Scary sounds are effective in some situations, especially when the monsters cannot see the PCs. Pretending to be The Yeti has a good chance of scaring away a pack of mountain goblins. Or imitate the sounds of a whip-wielding taskmaster to send kobolds scurrying away. Make up a strange alien language on the spot. Let out a slobbery feral roar…nobody wants to mess with a berserker.
Acting becomes an option when the monsters can see the PCs. Pretend to be someone you are not. Better yet, the party can engage in a mock battle amongst themselves, exaggerating their weapon proficiency with Hollywood choreography. Pretend to fight off invisible demons. Feign a gruesome death. Squirt some ketchup all over the floor and walls.
Scary faces are a fun option, especially when the players are kids. What kid doesn’t like to make scary faces?
Threats are implied in nearly any scare tactic. Why not just make them explicit and the centerpiece of a scare attempt? “I’m gonna tear your head off, you chaotic evil so-and-so!”
Some monsters just don’t like bright light. Maybe that’s why they are in the dungeons. Shine your target lantern in a monster’s eyes to see how it reacts. Magically created lights, especially those equivalent to sunlight, may cause some monsters to bug out. On the other hand, some bugs are attracted to bright light.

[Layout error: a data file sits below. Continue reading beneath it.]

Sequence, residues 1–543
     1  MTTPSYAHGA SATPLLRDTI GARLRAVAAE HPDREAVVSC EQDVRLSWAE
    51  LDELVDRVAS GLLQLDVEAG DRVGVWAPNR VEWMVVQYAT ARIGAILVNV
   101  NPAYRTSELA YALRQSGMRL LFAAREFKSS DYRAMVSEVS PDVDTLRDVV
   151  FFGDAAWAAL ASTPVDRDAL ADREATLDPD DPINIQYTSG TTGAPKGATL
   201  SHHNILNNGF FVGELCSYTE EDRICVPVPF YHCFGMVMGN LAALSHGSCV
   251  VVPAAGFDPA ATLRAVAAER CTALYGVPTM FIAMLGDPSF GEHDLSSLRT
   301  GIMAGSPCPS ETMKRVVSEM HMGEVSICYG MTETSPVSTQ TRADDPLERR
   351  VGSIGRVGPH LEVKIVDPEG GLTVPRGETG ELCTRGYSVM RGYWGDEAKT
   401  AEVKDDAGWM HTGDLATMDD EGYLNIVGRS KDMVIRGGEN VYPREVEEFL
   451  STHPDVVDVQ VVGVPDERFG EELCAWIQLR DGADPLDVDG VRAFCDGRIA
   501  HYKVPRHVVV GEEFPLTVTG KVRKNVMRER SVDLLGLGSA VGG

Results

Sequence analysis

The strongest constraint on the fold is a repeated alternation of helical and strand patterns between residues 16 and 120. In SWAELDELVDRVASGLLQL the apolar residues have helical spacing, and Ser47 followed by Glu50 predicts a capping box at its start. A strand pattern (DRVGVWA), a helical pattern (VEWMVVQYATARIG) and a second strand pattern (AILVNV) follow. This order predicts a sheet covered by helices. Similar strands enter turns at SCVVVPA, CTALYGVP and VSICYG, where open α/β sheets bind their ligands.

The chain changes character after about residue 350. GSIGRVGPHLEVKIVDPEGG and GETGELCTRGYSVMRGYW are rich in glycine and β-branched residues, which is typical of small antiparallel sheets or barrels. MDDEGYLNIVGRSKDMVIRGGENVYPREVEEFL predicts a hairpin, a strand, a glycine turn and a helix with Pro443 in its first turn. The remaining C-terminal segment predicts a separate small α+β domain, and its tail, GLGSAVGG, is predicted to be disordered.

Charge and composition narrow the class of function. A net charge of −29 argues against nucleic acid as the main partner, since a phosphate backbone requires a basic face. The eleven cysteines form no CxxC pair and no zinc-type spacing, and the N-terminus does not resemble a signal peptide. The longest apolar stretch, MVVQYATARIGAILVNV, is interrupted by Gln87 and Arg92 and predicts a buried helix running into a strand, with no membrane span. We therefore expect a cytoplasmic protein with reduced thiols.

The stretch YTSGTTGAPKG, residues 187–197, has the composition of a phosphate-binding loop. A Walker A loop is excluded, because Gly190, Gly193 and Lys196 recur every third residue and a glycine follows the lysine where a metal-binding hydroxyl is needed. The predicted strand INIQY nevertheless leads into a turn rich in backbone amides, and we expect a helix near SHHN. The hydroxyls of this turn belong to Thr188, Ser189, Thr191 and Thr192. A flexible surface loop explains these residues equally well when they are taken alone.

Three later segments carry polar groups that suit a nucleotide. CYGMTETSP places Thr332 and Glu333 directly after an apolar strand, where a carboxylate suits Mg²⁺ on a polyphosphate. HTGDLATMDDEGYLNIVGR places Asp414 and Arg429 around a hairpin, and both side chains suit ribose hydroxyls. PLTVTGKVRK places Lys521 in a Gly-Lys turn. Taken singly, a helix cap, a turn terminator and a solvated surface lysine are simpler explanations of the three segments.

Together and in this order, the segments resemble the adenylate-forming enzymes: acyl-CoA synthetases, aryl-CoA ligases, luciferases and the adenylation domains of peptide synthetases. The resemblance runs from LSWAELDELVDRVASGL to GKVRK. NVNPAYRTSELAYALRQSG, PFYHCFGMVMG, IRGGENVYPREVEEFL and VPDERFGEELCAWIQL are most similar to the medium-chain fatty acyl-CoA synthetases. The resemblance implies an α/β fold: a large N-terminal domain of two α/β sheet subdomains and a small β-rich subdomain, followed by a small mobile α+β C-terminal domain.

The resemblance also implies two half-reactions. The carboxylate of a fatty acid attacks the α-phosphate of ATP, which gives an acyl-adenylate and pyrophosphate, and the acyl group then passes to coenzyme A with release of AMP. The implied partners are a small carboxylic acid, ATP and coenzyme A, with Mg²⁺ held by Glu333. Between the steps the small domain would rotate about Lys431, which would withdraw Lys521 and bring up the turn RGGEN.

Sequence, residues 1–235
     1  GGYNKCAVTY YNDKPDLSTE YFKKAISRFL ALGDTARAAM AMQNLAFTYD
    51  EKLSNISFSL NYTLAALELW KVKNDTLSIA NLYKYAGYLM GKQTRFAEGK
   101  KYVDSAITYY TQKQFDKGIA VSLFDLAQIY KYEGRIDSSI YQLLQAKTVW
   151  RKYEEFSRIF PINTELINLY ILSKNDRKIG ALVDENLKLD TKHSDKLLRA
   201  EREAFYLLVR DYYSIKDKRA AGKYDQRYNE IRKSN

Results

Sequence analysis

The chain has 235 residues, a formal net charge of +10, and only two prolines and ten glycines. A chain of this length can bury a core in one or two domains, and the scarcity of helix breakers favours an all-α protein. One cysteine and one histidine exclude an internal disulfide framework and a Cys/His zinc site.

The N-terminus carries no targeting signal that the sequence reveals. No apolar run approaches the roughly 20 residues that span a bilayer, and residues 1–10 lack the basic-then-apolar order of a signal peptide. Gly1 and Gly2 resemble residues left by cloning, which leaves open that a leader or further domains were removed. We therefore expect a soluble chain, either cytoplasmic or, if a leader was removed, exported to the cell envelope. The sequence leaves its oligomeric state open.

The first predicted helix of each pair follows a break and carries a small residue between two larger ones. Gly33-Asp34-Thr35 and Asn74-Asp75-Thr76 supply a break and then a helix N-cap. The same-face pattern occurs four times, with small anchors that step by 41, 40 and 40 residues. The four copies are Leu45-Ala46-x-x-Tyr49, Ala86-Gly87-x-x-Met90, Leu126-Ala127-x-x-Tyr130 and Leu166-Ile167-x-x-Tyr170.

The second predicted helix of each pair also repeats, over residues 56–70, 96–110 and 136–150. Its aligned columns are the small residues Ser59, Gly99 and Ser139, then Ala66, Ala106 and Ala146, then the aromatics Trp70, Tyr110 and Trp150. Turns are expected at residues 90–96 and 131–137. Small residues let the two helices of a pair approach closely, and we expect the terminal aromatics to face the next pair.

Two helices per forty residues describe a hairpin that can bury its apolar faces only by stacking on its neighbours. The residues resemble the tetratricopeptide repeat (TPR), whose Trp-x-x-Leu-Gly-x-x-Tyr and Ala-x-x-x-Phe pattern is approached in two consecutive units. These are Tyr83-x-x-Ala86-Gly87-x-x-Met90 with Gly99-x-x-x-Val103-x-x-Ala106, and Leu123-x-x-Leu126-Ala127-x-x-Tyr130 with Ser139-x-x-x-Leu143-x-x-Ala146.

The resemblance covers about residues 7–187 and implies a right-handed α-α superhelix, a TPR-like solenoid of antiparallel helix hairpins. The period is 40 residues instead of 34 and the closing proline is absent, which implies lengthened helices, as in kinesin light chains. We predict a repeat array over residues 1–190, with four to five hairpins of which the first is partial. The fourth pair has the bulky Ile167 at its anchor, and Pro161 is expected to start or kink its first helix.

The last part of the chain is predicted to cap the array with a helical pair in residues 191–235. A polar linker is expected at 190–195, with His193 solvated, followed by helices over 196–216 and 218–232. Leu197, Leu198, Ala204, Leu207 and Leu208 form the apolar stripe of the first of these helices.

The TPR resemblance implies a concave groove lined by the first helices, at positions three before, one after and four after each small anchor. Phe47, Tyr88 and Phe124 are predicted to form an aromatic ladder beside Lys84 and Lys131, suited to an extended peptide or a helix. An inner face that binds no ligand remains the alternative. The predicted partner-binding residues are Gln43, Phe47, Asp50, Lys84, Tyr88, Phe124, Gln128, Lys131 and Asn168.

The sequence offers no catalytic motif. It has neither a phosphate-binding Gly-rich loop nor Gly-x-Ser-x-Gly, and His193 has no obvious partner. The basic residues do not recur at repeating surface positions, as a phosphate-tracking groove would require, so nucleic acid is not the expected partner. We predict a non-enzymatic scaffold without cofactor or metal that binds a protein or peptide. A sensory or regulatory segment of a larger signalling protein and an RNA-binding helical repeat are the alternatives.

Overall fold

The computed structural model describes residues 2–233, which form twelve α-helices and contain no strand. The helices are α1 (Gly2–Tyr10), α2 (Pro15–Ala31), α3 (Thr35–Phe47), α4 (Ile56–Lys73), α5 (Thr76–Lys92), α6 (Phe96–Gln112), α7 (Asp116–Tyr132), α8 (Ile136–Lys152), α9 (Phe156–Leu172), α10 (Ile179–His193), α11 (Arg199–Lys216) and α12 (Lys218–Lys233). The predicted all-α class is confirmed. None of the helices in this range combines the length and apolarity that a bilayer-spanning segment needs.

Reciting a list of deeds is effective when the PC’s reputation does not proceed them. Let monsters know what they are up against by listing some of the monsters you’ve dispatched and how. Go ahead and be casual about it: “Some call me The Collector, for on my shelf at home are the heads of Grzlgrk the Troll King, Votoly the Blue, and Witheho Muppersmith. What do you think about that?”
Magic, of course, provides effects that cause automatic fear. More interesting is to use spells that can supplement other kinds of scare tactics, such as Dancing Lights, Audible Glamer, or any kind of illusion. A magician could also use simple spells to impress monsters, suggesting the possibility of deadlier magics at the spellcaster’s disposal. Non-wizards can use magic items to fool some monsters into thinking they are up against a high sorcerer.
Some monsters may be scared of a specific random thing. A GM can roll on the WHAT IS THIS MONSTER SCARED OF? table for inspiration.
So the next time your PCs are in a tight spot or are just not in the mood for chopping heads, try scaring away the monsters instead. But keep your swords drawn and spells ready, in case the monsters just laugh and charge into battle. After all, they are trying to scare you too. Because that’s what monsters do.